Alignment Between Traditional Lakota Conversation Practices and Art of Hosting

Recently I (Jerry) co-hosted an Art of Hosting (AoH) training at Turtle Mountain Band of Chippewa with LeMoine LaPointe. LeMoine is an elder from the Lakota Nation at Rosebud. Turtle Mountain Nation residents are mainly Ojibwa or Meti.

LeMoine is a good friend and wise leader. He is an active practitioner of the Art of Hosting Conversations That Matter. LeMoine, Kathy and I have worked together many times and we always learn something new during our times together. A few years ago, during a co-host check-in at the end of an Art of Hosting training LeMoine explained to us that use of the word ‘container’, even though intended in a good way, is a reminder to Native Americans of the policy of containment. A deep reminder that language matters and worldviews influence interpretation.

Lemoine said he often uses the word ‘wahóȟpi’, which in Lakota means ‘nest’. Since then neither Kathy nor I use container in our work. Instead we describe the work and value of creating welcoming or safe enough spaces or places. We often reference what LeMoine shared with us as an invitation to take care with language.

When we began the AoH at Turtle Mountain, following a blessing, LeMoine opened with a welcome and framed our day. He offered a heartfelt explanation of how Art of Hosting connects to traditional ways that Lakota (and many Native nations) engage in conversation. He spoke to the circle we were sitting in and to the importance of the center to the circle we had established. He described how, before the genocide, Lakota people structured their villages in ways that supported conversation. Tipis were organized in concentric circles around a center and people could easily talk to each other or come to the center to be part of larger conversations. He said he sees this same spirit in Art of Hosting.

During the AoH, I offered a teaching about the Chaordic Stepping Stones. When I finished several participants said they felt they had approached projects or programs they had been involved with in a similar (but not exactly the same) way. They remarked at how intuitive the Chaordic Stepping Stones felt to them. LeMoine suggested that this approach to projects, planning and thinking also connect well to traditional Native approaches. This is due to its intuitiveness and in the importance of clarity of need and purpose, people and principles, and in asking ourselves what beliefs we hold that might limit us from other ways of thinking about actions to take.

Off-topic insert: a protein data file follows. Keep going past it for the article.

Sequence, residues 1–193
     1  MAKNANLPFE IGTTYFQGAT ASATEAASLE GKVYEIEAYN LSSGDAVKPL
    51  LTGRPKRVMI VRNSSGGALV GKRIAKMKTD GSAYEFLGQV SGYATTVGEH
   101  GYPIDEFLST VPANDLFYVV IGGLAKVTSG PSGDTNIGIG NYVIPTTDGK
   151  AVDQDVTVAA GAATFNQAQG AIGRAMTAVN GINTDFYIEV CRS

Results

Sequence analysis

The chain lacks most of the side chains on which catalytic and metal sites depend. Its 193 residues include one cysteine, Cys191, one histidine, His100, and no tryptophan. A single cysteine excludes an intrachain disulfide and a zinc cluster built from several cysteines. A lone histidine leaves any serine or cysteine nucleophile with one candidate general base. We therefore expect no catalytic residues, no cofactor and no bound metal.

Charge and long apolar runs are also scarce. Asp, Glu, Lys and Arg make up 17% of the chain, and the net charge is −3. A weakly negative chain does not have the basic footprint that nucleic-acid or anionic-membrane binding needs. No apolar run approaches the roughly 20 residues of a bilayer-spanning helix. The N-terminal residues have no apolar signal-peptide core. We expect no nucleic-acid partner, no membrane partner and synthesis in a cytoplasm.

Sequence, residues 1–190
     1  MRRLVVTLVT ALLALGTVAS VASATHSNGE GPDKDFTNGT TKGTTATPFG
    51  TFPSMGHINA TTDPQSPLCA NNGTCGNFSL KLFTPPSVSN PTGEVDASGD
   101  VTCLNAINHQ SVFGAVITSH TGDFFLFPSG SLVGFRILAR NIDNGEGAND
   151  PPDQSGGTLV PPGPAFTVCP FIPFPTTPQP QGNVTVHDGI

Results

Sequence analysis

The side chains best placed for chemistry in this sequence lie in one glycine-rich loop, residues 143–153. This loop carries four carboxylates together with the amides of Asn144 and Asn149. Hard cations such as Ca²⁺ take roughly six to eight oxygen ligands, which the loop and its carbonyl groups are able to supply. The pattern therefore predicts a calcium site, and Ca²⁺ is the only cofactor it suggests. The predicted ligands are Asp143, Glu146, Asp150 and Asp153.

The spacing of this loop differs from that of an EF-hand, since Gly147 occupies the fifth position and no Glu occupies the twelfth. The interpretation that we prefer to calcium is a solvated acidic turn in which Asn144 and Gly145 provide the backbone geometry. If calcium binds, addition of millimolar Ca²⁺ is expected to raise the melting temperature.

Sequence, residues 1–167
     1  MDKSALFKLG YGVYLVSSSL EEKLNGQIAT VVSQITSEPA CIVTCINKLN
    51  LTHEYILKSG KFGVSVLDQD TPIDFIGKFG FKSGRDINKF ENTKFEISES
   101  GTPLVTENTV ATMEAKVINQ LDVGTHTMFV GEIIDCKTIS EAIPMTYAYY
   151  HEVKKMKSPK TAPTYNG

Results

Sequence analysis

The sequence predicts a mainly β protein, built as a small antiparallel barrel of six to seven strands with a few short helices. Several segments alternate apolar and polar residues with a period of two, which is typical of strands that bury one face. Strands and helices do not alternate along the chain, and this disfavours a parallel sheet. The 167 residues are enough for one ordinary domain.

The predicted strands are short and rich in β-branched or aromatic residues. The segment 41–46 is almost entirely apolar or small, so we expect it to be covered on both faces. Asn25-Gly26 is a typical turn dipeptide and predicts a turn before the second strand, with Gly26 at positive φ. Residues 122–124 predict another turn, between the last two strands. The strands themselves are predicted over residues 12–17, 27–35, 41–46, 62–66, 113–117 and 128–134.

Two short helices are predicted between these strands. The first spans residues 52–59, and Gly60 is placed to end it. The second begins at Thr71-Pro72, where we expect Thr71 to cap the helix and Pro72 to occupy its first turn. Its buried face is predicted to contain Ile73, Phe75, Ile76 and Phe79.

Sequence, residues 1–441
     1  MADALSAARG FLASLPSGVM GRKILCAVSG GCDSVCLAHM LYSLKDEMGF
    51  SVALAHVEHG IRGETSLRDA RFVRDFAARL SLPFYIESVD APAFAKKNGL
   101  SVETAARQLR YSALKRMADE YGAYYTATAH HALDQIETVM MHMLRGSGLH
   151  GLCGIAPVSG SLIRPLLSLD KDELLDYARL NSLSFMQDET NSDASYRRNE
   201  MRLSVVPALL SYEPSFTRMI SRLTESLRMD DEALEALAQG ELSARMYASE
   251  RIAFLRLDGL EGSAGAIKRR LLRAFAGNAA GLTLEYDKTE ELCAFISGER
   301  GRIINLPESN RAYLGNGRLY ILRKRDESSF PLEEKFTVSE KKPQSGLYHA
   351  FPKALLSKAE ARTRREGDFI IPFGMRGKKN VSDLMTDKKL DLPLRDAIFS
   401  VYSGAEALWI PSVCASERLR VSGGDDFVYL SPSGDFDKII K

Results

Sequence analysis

Following an Open Space Technology (OST) activity, we offered tips and hints for hosting an Open Space. LeMoine again connected OST to traditional approaches to conversation practices. He noted that the practice of inviting the community into conversations that were of importance to all or parts of the community was a typical practice among Lakota communities. He spoke to the spirit of Open Space in inviting people to host conversations of importance to them.

During our two days together LeMoine and I had many chats about many things – being grandfathers, why we as humans feel such a connection to rocks, the Lakota creation story, his work with Native youth, an upcoming Sun Dance ceremony and how he believes that bringing Art of Hosting to Native communities can be a way for them to reconnect to traditional ways of being in conversations. 

One Response to “Alignment Between Traditional Lakota Conversation Practices and Art of Hosting”

August 14, 2019 at 4:54 am, Seven Little Helpers for dialogue and action: Part 3 – Use a talking piece – Chris Corrigan said:

[…] It is very easy to use the term “container” and have it become a colonizing concept. In Indigenous communities, containers can be conflated with the reservation system. In Ireland, the word can evoke the pain of enclosure, the legal process whereby the land was […]